Professor of Practice in Literature
firstname.lastname@example.org | 541-346-8752 | 326 Chapman Hall
Winter 2020 Office Hours:
Monday, 4-5 pm;
Tuesday, 10 am-12 pm;
saunter in, 2-3 pm, and by appointment.
Curriculum Vitae | Website
ACADEMIC AREAS: Poetry, Leadership, Drama, Humanities Advocacy, Chaos Theory, Deep Ecology, Eco Lit and Cultural History, American/British Postcolonial and Transatlantic Literature, Women’s Literature, American Studies, Creativity Across Disciplines
It is my honor and privilege to teach what matters: you, for we have high stakes in your learning and leadership, and the knowledge and skills vital for your life journey. It is also my joy, for each lecture, assignment, reading, and discussion is a design experiment to create conditions that result in your excited, exciting, meaningful learning. For innovative high-impact curriculum, I am grounded in education’s root word “educe,” to draw forth: I want to be an encouraging force to cheer on your learning. Our studies of the greatest literature, inspiring history, and examples of creativity, illuminate the transformational purpose of study itself - to recognize, inspire, honor, and develop your own inner genius and way to serve. Thus, my commitment as mentor and advisor for your greater life goals and purpose is core to my teaching: agency to your discovery of how you contribute to and are essential to our civic life.
Opportunities for Students
Professor Mossberg leads the dynamic Genius of Study Abroad course each summer. Students earn the equivalent of two upper division colloquia (8 credits) and develop their own portfolio of writing and projects organized around their own academic and life interests and goals. Students engage in active, activist global learning that considers the interactive, international, and interdisciplinary aspects of creativity in revolutionary imagination - new ways of thinking and seeing - as seen in movements in architecture, landscape, literature, arts, science and technology, and legislation on human rights and equality in adjacent cultures. Students tour Dublin, London, Oxford and Paris, researching, mapping, and retracing the literal and intellectual paths of historical figures who developed new ways to conceive of and express our world. Activities include lectures, discussions, interactive performance, journal and walking excursions, and activities creatively engaging with the environment.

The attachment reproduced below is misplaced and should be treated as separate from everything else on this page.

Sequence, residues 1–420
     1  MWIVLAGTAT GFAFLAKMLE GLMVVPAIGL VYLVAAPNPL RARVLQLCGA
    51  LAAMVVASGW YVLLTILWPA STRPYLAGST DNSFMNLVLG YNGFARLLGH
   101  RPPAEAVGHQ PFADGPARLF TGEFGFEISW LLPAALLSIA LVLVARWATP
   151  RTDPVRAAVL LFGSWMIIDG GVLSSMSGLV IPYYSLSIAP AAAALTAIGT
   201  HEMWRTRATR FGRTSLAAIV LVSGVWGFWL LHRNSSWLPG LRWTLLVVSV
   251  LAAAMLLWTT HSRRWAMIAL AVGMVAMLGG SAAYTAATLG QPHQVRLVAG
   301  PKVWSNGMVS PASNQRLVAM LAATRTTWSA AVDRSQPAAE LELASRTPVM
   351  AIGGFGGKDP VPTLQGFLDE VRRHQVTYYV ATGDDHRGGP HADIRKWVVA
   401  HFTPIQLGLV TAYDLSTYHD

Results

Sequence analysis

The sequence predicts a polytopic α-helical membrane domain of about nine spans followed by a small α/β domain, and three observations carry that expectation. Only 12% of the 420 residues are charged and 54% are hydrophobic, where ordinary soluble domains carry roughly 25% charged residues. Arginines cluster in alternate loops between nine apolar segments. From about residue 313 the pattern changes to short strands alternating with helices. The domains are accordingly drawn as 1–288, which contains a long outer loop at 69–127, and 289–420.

Ph.D., English, Indiana University, 1977
M.A., English, Indiana University, 1972
B.A., English and History, University of California - Los Angeles, 1970
As a professor of practice, Dr. Mossberg has enjoyed a distinguished worldwide career in teaching and educational leadership before rejoining the University of Oregon to serve the Clark Honors College mission. She has taught at public, private, large, small, traditional and innovative colleges and universities, including Indiana University, Union Institute and University, Mt. Vernon College (Distinguished Institute Scholar), Pacifica Graduate Institute (Engaged Humanities Faculty), and the University of Helsinki, where she twice was Senior Fulbright Distinguished Lecturer and Bicentennial Chair of American Studies. She has also held administrative and leadership positions at Hobart and William Smith Colleges and National University. She has held both teaching and leadership positions at California State University - Monterey Bay, as founding dean of the College of Arts, Humanities, and Social Sciences and Director of the Integrated Studies Special Major; at Goddard College, as President and Professor from 1997-2001, and where she was awarded the title President Emerita in 2001; and at the University of Oregon, where as tenured professor in the English Department she co-founded and co-directed the American Studies program, as well as served as acting dean of the graduate school and director of the graduate Individualized Studies: Interdisciplinary Program. Mossberg has also held distinguished national and federal appointments, including representing the University of Oregon and United States as U.S. Scholar in Residence to the U.S. Department of State (American Studies Specialist), and Senior Fellow to the American Council on Education.